Retribution or Reconciliation? Attitudes Toward Rebel Collaborators in Iraq
47 Pages Posted: 12 Sep 2019
Date Written: September 4, 2019
Rebel groups require the cooperation of many civilians who are commonly perceived as “collaborators” after conflict ends. The limited empirical work in this area focuses on fighters, ignoring the need for more nuanced understandings of proportional justice for civilian collaborators. Through a survey experiment in an Iraqi city that experienced governance by the Islamic State, we find that social identity—expected to trigger in- group favoritism—is a weak determinant of preferences for punishment and forgiveness compared to the type of collaboration itself. Our results also fail to provide support for the hypothesis that exposure to violence drives a desire for revenge. Instead, the perceived volition behind an act is important, although its effect varies depending on the type of collaboration. Our research offers uniquely fine-grained data and insights into the factors that shape perceptions of individual rebel culpability, with important policy implications for balancing accountability with the need for reconciliation.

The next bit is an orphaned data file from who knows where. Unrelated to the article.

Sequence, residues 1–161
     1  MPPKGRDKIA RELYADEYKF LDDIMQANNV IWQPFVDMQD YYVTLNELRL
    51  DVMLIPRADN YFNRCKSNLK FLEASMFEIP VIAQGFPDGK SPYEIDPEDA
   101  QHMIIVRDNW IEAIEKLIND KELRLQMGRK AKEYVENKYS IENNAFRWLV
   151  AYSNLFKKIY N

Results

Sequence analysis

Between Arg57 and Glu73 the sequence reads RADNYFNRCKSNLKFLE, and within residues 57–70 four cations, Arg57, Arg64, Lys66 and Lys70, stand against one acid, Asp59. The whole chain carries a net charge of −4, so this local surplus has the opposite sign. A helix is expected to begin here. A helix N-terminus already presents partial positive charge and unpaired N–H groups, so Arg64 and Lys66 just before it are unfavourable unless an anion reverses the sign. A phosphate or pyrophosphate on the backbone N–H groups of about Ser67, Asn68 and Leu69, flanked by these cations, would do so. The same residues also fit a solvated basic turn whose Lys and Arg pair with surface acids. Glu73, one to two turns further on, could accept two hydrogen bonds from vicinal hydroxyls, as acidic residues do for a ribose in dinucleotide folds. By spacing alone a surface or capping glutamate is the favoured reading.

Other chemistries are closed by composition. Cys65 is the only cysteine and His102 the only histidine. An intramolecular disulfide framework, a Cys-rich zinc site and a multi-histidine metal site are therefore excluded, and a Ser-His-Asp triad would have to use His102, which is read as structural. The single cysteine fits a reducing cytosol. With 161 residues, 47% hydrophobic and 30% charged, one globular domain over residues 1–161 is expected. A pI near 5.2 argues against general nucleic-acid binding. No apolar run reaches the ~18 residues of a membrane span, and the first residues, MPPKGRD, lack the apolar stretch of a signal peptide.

Keywords: Transitional Justice, Rebel Governance, Survey Methodology, Iraq
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